Samut Samut
Once again David Almond writes a story that is at once accessible and profound. Once again his prose blurs the distinctions between the real and the imagined, and we enter into a world which feels real and yet has a hint of the magical about it.

Joe Malone is a loner. He prefers teh open countryside to being cramped in school. He is surrounded by people trying to make him fit with their definition of what a man should be.

When a small and dying circus comes to town, he finds a kindred spirit. In particular he finds someone who understands the reality of his secret heart.

This is not a long book. Had it been longer the adults might be more fleshed out and less inclined to just induce conflict. But the book works as it is, and the conflicts of society's expectations and our own desires, and so much more are all explored here in another wonderful tale by this first rate author.
Ariurin Ariurin
I love books that can be read on several different levels. I imagine a middle school reader could enjoy this book as a coming-of-age story. But it is also a book of great depth and beauty, as represented in one of my favorite quotes: Joe closed his eyes. He felt Nanty's hands cradling his head, and he felt how tender they were. "How can a thing like a head be held within a lady's fingers?" she whispered. "Here's dreams and memories and ancient tales that's being told and told. Here's stars that shine a billion miles away and deep dark caves and forests and Helmouth and teachers and mothers and horns of unicorns and the stripes of tigers. Here's a thing that's bigger than the world and all the worlds there ever was. And look. All held within a tent of tender bone and skin and cradled in a lady's fingers. How can this be so?"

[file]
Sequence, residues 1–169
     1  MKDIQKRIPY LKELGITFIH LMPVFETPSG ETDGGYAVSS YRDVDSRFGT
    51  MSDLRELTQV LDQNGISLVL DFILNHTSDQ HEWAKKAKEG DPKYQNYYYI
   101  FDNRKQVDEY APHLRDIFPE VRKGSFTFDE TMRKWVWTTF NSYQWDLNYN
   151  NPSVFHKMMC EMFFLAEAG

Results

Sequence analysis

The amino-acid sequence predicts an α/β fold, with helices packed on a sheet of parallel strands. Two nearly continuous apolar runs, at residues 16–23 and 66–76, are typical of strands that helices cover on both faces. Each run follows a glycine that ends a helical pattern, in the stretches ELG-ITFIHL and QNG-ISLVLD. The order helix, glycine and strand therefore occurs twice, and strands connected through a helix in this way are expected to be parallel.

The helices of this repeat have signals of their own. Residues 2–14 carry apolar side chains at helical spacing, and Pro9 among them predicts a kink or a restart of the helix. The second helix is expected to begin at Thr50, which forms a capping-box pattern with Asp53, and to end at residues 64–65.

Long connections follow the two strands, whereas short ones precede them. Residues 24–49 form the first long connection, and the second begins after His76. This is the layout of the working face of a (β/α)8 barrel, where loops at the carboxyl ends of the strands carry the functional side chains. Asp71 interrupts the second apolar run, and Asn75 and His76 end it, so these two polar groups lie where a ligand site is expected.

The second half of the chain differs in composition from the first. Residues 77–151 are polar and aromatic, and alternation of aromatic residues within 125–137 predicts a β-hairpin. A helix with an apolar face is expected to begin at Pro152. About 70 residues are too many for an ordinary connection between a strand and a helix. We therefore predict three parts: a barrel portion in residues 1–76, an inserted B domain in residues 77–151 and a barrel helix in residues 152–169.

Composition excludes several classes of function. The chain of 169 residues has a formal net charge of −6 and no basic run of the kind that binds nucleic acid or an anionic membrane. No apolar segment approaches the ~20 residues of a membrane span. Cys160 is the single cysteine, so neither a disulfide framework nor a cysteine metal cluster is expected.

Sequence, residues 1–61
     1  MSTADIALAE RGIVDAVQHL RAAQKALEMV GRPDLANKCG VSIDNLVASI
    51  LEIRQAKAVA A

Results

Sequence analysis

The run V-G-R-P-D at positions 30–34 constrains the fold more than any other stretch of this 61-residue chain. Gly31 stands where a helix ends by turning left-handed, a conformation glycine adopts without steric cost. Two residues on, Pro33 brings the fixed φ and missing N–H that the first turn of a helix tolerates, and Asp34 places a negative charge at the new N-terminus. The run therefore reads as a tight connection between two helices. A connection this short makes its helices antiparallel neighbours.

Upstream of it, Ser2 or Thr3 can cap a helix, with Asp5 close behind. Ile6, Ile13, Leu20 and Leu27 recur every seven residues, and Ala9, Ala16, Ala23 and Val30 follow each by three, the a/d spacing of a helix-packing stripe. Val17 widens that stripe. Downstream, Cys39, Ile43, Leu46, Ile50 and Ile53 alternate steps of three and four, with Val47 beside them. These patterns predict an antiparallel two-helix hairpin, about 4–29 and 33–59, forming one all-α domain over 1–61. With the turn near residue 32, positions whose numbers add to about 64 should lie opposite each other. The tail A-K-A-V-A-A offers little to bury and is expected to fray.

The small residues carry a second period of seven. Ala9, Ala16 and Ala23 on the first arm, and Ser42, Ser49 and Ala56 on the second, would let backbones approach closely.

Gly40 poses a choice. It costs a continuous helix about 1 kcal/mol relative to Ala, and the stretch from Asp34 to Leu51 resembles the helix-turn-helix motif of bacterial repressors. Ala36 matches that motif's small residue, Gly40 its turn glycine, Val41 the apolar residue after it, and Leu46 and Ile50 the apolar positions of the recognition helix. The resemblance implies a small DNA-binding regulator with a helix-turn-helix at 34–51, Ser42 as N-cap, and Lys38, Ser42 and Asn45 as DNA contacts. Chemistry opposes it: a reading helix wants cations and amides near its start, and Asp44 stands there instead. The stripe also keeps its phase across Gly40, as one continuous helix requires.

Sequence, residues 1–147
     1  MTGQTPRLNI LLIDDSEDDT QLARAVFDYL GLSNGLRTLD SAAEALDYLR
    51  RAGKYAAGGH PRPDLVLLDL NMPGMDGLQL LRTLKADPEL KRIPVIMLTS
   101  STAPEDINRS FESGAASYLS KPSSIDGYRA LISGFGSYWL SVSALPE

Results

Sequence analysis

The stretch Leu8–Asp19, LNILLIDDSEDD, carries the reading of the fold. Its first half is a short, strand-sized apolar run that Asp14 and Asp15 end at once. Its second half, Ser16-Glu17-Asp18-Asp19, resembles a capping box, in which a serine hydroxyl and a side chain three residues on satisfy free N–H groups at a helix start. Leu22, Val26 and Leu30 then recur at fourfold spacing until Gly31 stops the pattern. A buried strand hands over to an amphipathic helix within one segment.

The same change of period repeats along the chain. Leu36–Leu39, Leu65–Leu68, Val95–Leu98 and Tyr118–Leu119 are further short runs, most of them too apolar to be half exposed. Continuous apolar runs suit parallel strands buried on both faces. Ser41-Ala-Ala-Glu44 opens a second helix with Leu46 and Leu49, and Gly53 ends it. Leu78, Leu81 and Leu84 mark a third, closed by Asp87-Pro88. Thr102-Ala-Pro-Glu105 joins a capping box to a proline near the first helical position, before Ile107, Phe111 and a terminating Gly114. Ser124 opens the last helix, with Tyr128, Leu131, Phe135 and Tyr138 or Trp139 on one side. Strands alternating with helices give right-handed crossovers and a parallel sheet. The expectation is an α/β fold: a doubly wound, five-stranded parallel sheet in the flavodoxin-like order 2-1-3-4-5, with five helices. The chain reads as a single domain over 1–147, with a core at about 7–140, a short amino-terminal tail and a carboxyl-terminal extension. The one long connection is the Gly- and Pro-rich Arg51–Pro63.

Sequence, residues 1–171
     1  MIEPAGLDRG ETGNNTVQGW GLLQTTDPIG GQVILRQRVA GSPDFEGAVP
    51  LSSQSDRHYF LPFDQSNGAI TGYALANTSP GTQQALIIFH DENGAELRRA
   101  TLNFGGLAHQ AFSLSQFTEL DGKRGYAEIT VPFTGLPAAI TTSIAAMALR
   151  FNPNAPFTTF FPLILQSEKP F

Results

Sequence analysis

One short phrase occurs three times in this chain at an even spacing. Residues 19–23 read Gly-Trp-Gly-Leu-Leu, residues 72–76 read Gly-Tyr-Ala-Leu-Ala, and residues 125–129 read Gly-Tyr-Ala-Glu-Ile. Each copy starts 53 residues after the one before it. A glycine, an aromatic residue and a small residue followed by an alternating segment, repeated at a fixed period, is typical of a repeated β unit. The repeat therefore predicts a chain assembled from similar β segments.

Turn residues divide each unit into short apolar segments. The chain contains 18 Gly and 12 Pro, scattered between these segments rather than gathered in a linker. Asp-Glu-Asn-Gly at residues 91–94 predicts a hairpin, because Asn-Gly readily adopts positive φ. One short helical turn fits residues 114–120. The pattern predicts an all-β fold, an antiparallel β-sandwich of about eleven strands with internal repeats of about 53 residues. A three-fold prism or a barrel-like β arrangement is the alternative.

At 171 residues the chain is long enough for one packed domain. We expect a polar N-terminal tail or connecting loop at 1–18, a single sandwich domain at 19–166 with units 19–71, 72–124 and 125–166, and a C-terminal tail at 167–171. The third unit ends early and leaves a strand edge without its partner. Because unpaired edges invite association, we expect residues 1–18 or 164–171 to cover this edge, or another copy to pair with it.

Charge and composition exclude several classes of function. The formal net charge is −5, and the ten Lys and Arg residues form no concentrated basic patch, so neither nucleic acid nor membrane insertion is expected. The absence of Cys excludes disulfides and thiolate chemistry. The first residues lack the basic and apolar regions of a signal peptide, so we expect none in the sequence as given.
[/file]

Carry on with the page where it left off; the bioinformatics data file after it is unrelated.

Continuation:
Budar Budar
Misfit Joe Maloney is taunted and teased by his peers. Even his mother comments on his oddness. Destined to remain apart by strange visions no one else can see, Joe is drawn to a ragged circus that suddenly appears at the edge of town. The circus folk are as much at odds with the town folk as Joe is. Intrigued by their strangeness and mystery, Joe sinks into a world where fantasy and illusion meld with and replace reality. Joe is faced with confronting and accepting his differences, and the torture that goes with it, or joining forces with those bent on making a man of him. The juxtaposition of cruelty and compassion in this tale speak to that very nature in each of us.
It would be difficult not to recommend a book by David Almond. His lyrical writing creates fresh perspectives, thought-provoking storylines, and intriguing characterizations. While Secret Heart doesn't capture the heart of the reader with the same intensity of Skellig or Kit's Wilderness, the imagery and beauty of the language is compelling enough to recommend this book.
Fecage Fecage
I read somewhere that we are no longer human beings; we are consumers.
This is not a book for consumers. It's for human beings who have not lost touch with their unique magic, a shamanovel. A magic boy sees more than others; a girl guides in his initiation into self-knowledge. A wise woman, Nanty Solo initiates him into who he really is. A wise man, Hackenschmidt teaches him that manly tenderness lies beneath a fierce exterior. The boy is recognized among the magic people as one of their own, while he is reviled by the "consumers" - children who have lost touch with their unique magic.
Wonderful evocative language takes us with the boy on his journey and initiates us with him.
Everyone can read this book on their own level.
Bravo David Almond